“Yes!” Brady’s shout had everyone’s head turning, so they all had a clear view when he grabbed Jenny and swung her around in a dizzying circle.

Or

Brady gave each of us a high five before turning to Jenny. “Absolutely!”

What about in first person? Yes, you are inside the character’s head, but you can still show physical reactions.

I did a quick happy dance. That was probably answer enough for Jenny. But just in case…”Yes!”

Hopefully, this makes the difference between showing and telling a little clearer than mud. It takes a lot more effort to provide descriptions, and it’s often tempting to just stick an adjective on the end of a dialog tag (e.g. …Brady said, excited).

I used to struggle with this. What are the authentic physical and visceral reactions to the numerous situations we put our characters into? Unless this comes naturally to you, it’s not realistic to plan to stop writing in order to scare yourself, or to remember something painful, to experience genuine reactions that you can describe for your character. However, I’ve found something very helpful, and I recommend it for anyone who has trouble ‘showing’ how their characters feel. While there are a number of good reference books, I have one that I always keep on the table when I write at home. I also have an electronic copy on my phone that I can use if I’m writing somewhere else. It’s called The Emotion Thesaurus: A Writer’s Guide To Character Expression, by Angela Ackerman and Becca Puglisi. It provides physical, mental, and visceral descriptions for a wide variety of emotions.

It should be noted that the descriptions I used in this post all came out of my head, and The Emotion Thesaurus is in no way to blame!

I like many types of fiction.  SciFi, Fantasy, Mystery, Romance, even Horror.

          A couple members of the Stonehenge Writer’s Group write some excellent horror.  That’s a genre that’s incredibly difficult to pull off without being cheesy or letting down your readers at the end of the story.  Kudos to those who do it well!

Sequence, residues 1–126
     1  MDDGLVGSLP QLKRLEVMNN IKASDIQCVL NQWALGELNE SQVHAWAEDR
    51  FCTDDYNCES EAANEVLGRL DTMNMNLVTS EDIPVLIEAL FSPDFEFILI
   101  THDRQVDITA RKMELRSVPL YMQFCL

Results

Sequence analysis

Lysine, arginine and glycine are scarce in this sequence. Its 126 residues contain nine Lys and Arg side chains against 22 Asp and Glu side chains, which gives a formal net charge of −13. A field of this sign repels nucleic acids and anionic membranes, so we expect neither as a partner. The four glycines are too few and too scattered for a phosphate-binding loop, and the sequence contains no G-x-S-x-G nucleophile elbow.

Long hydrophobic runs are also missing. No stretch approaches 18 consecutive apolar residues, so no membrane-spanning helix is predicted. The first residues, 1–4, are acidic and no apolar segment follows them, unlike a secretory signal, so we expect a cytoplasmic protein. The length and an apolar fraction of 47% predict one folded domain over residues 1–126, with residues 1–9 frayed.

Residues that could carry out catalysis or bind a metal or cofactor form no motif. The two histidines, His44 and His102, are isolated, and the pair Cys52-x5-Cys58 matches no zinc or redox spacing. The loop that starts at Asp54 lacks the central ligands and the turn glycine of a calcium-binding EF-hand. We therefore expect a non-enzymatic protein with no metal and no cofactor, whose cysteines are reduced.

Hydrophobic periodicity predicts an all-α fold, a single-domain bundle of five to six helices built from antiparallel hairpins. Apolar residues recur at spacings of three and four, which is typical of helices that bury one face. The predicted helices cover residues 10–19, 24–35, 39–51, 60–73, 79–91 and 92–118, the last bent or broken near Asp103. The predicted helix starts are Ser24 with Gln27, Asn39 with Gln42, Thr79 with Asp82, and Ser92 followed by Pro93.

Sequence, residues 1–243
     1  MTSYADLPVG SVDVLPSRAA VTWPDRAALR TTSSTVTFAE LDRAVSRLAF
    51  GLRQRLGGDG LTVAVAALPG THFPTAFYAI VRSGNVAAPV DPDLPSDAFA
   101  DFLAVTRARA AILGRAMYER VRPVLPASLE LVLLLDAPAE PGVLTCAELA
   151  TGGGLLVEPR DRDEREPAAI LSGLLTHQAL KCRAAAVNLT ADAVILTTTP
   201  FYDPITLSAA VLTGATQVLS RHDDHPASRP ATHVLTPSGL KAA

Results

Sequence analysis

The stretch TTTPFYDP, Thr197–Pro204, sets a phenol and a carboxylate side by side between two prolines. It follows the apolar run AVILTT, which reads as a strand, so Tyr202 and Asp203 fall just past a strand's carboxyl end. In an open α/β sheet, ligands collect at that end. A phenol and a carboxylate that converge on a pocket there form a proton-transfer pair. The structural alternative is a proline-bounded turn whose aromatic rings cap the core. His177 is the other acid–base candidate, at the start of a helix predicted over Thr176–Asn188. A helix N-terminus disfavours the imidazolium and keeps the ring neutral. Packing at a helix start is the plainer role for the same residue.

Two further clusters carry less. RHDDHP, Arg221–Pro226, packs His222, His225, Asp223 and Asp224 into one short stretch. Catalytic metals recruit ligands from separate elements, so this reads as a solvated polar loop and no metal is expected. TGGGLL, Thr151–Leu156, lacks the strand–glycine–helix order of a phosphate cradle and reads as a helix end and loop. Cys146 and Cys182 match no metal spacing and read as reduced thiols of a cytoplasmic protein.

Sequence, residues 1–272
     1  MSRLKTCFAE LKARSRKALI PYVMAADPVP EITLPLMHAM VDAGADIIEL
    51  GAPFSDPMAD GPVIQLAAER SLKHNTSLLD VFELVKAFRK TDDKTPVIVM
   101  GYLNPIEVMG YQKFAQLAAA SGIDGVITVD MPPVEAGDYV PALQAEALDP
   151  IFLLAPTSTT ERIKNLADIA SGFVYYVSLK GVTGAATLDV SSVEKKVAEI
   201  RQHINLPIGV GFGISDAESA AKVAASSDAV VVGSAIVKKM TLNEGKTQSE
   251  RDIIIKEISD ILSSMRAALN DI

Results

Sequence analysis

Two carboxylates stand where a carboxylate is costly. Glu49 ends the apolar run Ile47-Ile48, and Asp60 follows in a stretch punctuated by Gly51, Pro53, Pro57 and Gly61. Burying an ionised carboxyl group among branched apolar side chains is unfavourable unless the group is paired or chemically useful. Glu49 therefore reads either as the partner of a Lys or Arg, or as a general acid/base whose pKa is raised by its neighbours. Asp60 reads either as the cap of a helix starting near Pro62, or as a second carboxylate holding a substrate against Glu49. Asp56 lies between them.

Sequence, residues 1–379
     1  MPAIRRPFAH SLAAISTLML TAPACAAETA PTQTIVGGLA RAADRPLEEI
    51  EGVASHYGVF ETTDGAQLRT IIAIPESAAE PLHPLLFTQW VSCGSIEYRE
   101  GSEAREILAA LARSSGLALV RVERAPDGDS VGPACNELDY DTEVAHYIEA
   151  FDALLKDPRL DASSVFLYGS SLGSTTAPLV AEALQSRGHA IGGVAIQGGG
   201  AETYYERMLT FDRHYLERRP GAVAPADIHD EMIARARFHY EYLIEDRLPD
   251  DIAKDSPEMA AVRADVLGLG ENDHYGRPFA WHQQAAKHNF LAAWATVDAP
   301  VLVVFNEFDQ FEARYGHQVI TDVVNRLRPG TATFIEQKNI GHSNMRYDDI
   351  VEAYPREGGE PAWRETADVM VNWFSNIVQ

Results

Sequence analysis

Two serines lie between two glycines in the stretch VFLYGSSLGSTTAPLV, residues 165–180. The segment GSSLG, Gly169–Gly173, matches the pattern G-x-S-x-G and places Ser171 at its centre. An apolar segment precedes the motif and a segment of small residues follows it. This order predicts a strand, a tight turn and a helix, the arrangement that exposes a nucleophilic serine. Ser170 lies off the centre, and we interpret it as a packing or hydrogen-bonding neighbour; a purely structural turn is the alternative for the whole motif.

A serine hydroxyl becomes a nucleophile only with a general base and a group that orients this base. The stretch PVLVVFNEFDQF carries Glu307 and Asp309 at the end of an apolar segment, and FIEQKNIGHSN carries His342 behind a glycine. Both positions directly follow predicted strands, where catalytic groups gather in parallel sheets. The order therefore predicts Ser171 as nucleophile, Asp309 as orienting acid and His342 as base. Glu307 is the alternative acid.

I believe horror can be roughly divided into two main groups.  The first: Grab the reader’s attention by drowning them in blood and gore.  The second: Rub the reader’s nerves raw, slowly, agonizingly, with an ever increasing application of tension — knowing something bad is about to happen, perhaps when you turn the very next page…

          Okay, reading that back I guess it’s obvious which type of horror I prefer.  Not that I mind well done blood and gore.  I just prefer to have it as a climax to a great story, not the only reason for the story.  That’s just my preference.  I know there are many who will vehemently disagree.  So for this post, let’s agree to disagree.  For me, the best is incredibly creepy OMG-is-it-going-to-get-me-NOW horror.

          So, what do you find horrifyingly creepy?  Something realistic?  Ghostly?  Monsterous?  Something tangible, like a phone call with no one there?  Or the intangible, like the glimpse of a shadow where it doesn’t belong?

          Is it worse to be with a group of people and know one of them can’t be trusted?    

          Or is being completely and utterly alone what makes it truly creepy? 

          How about finding your things moved, cleaned up and put away, when no one but you has a key to your home?  Would you tell yourself you must have done it and forgotten about it?

          Or the sounds of whispered conversations in your house that stop when you enter the room, even when you’re the only one there?  Would you tell yourself you’re just imagining things?

          Maybe it’s receiving a ‘love’ note from someone anonymous, who claims to have been watching you for weeks and thinks it’s nearly time for you to meet.   Would you report it to the police?  What if they said there’s nothing they can do?

          Perhaps it’s a sudden explosive shattering of glass from somewhere downstairs?  Would you go down, alone, to check it out?

          Is it worse if you’re woken from a dead sleep, barely dressed, half awake?  Would you call someone else?  Wake them up?  When it’s probably nothing…

          What if you glimpse, out of the corner of your eye, a shadow move past your dark bedroom doorway?  Would you tell yourself that was nothing?

          Or hear unexplained footsteps in the hall, right outside your door?  Would you pull the covers over your head and pray it goes away? 

          How about a ‘scritching’ sound, like fingernails would make, coming from the window that you can’t see behind closed curtains?  Would you get up to open those curtains?  To see what’s out there?